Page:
Good morning, Philadelphia! The 2023 Phillies did it again on Thursday night as they eliminated the National League East Champion Atlanta Braves for the second consecutive year in the National League Division Series.
From Blooper getting annihilated on social media to the Braves’ supposed historic offense running dry, the Braves did just about everything they could to lose this year’s matchup. But since the Braves don’t like anything negative being said about them, especially if it’s just something that came out of Orlando Arcia’s mouth, let’s take a moment to look at the Phillies, who did well, and who needs to step it up in the National League Championship Series.
Phillies’ Standouts Versus the Braves
Nick Castellanos (A+)
Last month, Nick Castellanos stood on the steps of the Phillies’ dugout, looking out to the infield as the Braves celebrated clinching the NL East in Philadelphia. He seemed to take that quite personally.
After a quiet Game One in which he went 0-for-4, Castellanos turned up the heat, going 2-for-4 with a run scored and a walk in Games 2’s loss.
Once he hopped on the plane to return home, however, Casty started cooking. Coming up to the plate to start the bottom of the third, Castellanos faced Bryce Elder, who dispatched the top six of the Phillies’ order with relative ease in the first two innings. On a 1-0 count, Castellanos connected on a sinker running inside, sending it into section 142. This would be Castellanos’ first of four he would hit over the next 30 hours.
Overall on the series, Castellanos went 7-for-15 with a ridiculous 1.796 OPS. He scored five runs with four solo homers and two walks. As the team celebrated on the field, erasing the stain left by the Braves a month prior, Castellanos found his 10-year old son and beloved Philadelphia icon, Liam Castellanos.
Bryce Harper (A)
Okay, look. This would absolutely be an A+, but Harper’s gamble in Game Two just did not pay off and the Phillies could have won if that didn’t happen.
With that out of the way, Harper was every bit as productive this series as Castellanos. 6-for-13, five walks, three home runs, five runs, five RBI. A 1.765 OPS. There is a reason Harper is so beloved in Philadelphia.
Harper recorded a hit in every game throughout the series, scoring two of the Phillies’ three runs in Game One. Then all of the fun came at the end of Game Two.
Down by one run in the top of the ninth, Harper reached base on a walk. With one out, Castellanos stepped up, smacking a ball to the center field wall. Harper, determined to go from first to home on the play, rounded second as center field Michael Harris II made a fantastic play to cut off what would have been an extra-base hit for Castellanos. Despite Harper’s best efforts, Harris got the ball in to first before Harper could tag back up, pulling a game-ending double play
Harper returned to Philadelphia and chose violence. Wednesday night, Harper slugged two home runs off of Bryce Elder and former teammate Brad Hand, recording four RBI as the Phillies trounced the Braves 10-2. Orlando Arcia will be seeing that staredown from Harper in his sleep for weeks to come.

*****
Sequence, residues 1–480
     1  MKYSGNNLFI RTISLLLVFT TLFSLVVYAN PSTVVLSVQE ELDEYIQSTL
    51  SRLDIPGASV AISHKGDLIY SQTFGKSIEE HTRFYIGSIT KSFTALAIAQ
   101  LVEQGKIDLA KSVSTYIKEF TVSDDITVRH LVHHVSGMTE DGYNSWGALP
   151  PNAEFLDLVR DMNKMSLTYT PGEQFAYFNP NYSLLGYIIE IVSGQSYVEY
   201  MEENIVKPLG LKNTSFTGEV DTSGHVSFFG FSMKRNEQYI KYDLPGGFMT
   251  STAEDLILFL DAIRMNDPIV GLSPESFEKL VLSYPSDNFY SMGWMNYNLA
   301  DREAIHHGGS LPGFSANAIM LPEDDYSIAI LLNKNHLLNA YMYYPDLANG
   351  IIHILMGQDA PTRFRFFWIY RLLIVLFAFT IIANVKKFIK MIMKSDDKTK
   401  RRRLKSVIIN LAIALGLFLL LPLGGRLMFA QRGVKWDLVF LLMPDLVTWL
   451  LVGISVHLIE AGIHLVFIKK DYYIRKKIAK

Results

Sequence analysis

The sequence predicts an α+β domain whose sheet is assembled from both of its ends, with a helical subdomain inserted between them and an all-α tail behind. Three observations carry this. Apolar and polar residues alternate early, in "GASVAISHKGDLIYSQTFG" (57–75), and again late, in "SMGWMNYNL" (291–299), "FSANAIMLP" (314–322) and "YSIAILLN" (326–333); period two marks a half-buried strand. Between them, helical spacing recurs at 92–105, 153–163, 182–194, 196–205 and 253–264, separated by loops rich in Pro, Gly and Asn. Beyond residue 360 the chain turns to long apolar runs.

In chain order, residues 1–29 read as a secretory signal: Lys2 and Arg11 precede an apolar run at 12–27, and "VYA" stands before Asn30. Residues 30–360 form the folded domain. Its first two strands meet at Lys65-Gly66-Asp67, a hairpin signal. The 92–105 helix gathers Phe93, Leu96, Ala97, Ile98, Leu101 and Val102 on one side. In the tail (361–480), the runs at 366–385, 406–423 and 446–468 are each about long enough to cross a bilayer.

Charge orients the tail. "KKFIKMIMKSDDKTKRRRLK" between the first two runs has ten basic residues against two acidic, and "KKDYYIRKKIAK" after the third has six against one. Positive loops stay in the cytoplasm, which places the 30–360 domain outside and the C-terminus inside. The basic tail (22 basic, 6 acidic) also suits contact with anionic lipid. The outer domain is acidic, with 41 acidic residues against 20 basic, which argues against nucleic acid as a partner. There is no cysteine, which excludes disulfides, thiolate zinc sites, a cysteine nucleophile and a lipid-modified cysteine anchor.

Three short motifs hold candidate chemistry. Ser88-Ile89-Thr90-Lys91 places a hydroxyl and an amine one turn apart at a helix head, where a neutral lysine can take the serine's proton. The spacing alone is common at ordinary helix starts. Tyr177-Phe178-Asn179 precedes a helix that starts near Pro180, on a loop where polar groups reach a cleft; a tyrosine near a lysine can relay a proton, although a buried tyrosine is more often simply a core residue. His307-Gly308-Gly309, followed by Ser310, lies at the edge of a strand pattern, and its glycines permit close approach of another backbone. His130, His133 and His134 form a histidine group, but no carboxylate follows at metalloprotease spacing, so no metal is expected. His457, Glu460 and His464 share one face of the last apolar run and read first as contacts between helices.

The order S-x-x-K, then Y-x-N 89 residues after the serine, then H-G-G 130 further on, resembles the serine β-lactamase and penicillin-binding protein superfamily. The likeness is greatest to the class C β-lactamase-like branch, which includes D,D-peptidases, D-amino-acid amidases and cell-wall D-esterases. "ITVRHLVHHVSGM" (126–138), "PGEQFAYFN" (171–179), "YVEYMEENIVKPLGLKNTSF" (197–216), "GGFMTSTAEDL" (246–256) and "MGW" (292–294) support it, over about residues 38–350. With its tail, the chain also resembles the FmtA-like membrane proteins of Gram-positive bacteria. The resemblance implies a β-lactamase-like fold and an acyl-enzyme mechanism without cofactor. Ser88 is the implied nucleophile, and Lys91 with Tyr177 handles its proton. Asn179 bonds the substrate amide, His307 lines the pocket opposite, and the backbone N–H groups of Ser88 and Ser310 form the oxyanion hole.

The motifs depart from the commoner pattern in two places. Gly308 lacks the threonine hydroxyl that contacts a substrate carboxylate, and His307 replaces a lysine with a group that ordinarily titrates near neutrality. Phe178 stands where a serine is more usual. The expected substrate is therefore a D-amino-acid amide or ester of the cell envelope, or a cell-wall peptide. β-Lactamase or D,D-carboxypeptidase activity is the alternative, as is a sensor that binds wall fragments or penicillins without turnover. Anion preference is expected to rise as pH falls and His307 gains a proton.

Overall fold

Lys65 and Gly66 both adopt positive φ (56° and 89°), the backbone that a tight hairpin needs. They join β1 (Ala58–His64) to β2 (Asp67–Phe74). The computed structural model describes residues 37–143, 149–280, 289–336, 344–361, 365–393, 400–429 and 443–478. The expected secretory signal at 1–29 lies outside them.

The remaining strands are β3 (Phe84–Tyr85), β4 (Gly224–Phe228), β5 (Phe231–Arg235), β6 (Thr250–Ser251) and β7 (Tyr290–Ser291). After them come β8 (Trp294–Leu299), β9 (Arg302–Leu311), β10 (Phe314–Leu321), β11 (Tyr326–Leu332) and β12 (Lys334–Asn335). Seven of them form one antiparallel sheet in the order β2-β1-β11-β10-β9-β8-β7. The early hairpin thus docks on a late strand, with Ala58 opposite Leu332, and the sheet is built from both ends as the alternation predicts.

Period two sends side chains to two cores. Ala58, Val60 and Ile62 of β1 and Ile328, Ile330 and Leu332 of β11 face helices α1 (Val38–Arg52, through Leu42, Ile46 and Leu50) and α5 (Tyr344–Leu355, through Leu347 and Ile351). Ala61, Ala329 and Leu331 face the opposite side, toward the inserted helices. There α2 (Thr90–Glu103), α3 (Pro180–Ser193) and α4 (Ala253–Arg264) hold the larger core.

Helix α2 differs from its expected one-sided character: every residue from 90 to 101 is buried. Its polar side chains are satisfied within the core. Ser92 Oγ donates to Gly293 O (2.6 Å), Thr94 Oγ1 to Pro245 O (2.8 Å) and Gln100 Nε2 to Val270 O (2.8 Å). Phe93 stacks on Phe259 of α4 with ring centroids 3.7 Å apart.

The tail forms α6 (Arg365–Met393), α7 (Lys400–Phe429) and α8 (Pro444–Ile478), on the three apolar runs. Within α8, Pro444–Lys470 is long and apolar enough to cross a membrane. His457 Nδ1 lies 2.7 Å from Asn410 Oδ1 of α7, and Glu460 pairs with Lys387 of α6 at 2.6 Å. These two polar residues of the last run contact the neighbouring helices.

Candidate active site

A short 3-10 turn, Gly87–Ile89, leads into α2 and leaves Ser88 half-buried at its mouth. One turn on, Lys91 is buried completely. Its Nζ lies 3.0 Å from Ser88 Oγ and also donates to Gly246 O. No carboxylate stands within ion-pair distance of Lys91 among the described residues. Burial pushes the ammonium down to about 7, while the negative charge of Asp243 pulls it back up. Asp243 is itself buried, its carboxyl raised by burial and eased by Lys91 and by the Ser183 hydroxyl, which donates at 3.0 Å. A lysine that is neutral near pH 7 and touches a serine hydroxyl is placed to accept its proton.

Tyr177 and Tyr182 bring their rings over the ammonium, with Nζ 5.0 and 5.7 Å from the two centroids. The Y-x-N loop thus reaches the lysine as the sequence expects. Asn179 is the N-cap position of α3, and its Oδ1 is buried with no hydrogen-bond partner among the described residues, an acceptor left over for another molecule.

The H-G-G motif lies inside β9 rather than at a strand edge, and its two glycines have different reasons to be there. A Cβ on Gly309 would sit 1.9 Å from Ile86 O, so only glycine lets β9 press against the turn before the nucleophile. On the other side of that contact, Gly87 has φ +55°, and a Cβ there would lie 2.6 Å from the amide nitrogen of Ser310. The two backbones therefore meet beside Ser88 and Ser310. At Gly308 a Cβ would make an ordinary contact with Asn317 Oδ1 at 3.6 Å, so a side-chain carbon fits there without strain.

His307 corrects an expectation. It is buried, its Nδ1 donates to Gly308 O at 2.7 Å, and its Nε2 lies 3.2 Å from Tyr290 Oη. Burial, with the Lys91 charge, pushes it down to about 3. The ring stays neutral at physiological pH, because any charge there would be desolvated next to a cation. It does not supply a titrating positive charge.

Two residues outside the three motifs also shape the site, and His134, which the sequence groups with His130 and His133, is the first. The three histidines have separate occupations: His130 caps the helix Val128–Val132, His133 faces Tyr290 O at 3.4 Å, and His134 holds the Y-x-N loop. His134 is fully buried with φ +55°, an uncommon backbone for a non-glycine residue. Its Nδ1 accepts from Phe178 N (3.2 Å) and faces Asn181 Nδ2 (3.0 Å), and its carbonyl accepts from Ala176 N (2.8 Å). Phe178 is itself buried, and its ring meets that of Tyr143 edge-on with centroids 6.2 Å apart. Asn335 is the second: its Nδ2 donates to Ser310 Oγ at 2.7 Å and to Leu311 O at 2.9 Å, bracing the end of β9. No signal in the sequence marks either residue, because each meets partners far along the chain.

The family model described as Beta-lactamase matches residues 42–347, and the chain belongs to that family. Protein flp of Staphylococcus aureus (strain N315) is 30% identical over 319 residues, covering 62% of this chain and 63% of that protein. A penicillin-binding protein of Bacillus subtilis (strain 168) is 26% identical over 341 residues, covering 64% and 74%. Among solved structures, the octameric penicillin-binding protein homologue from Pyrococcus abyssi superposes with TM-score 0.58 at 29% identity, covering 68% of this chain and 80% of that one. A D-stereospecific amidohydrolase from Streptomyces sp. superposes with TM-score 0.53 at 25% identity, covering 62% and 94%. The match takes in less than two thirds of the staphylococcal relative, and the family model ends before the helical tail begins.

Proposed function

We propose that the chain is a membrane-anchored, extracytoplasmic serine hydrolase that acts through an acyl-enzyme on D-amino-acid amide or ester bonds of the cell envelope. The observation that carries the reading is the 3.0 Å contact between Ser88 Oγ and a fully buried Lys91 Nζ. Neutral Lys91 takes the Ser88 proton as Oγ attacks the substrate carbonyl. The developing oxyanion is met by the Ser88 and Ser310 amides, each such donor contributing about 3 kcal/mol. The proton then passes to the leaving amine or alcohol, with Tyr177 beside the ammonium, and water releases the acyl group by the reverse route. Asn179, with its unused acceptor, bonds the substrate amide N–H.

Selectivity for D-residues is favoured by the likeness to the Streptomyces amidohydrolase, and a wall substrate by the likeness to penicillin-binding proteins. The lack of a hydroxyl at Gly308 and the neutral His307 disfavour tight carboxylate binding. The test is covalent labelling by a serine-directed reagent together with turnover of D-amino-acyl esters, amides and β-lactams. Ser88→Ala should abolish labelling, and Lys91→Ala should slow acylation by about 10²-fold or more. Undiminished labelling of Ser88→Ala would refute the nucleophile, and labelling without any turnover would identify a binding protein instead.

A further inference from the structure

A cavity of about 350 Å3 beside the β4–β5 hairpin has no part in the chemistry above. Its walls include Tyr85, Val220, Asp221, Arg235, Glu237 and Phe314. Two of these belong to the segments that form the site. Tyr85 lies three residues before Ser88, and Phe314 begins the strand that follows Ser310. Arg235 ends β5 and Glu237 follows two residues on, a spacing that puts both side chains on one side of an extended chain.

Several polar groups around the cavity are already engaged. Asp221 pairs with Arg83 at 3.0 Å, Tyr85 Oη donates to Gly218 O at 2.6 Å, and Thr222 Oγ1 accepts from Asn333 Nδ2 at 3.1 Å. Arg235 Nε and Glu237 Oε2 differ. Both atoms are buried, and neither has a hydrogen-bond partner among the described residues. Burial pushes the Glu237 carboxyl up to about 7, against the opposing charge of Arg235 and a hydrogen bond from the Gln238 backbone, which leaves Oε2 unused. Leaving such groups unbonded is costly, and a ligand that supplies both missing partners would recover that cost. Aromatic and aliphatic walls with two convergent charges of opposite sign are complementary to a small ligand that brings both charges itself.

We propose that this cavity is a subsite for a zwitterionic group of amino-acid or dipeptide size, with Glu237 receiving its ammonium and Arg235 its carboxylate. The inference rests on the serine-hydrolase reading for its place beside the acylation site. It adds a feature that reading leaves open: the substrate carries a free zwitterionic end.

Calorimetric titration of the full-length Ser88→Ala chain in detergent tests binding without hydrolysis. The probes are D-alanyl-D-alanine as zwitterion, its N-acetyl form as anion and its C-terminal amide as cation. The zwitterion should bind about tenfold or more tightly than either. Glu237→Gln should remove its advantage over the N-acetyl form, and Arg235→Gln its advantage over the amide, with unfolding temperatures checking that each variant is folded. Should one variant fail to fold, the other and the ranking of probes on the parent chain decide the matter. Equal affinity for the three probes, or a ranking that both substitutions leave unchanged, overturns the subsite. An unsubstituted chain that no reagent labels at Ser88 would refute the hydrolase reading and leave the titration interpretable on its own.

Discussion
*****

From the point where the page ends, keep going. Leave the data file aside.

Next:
Manager Brian Snitker of the Braves admitted to not wanting to pitch to Harper on Thursday night, resulting in two intentional walks for Harper. He still managed to go 1-for-2 on the night, reaching base three times, despite Snitker’s efforts to eliminate Harper from the game.
The Pitchers (A)
The Phillies’ entire pitching staff gave exactly what you wanted to see over the course of the four-game series. Ranger Suarez allowed only one run across two outings while Zack Wheeler and Aaron Nola kept the Braves to two earned runs apiece over their starts. Keeping the Atlanta Braves, who had the best offense in baseball over the regular season, to only five earned runs off of the starting pitchers is an amazing feat.
But we can’t ignore the bullpen either in this conversation. Over 14 1/3 innings, the Phillies’ bullpen allowed only two runs to cross the plate for the Braves, both coming in Jeff Hoffman’s blow-up inning during Game Two. While there were one or two scary moments along the way, it would be more shocking if those moments did not come. The entire staff combined to pitch an elite 1.80 ERA against the Braves, shutting down their explosive offense.
Johan Rojas (C)
Look, we’re going to be nice to the kid. Johan Rojas has done an amazing job since making his MLB debut on July 15th. His defense in center field is sublime and he is a clear part of the Phillies’ clubhouse.
In 16 plate appearances against the Braves, Rojas reached base once via a walk. As much of a defensive giant he is, Rojas was nothing but a liability offensively. If he wants to keep his job long-term, Rojas will need to work out how to hit at least the Mendoza line in the postseason as a speedy center fielder.
Kyle Schwarber (C-)
Speaking of the Mendoza line. The Phillies’ regular season leader in both home runs and walks found himself cold against the Braves. Schwarber went 2-for-17 against the Braves with one walk, scoring zero runs out of the leadoff position.
Personally, I’ve never been a huge fan of Schwarber batting leadoff. But it’s worked for Topper. Unfortunately, it means there is nowhere for Schwarber to hide when he finds himself in cold streaks.
Moving on to Arizona
The truth is, the Phillies have a deep lineup. Not everyone needs to contribute in order for the Phillies to find success. The deeper the Phillies get into the playoffs, however, the more value they will need to find from every plate appearance, from every inning pitched.
Now, the Phillies have a weekend of rest ahead of them before they host the Arizona Diamondbacks to begin the NLCS on Monday night.
AP Photo/Chris Szagola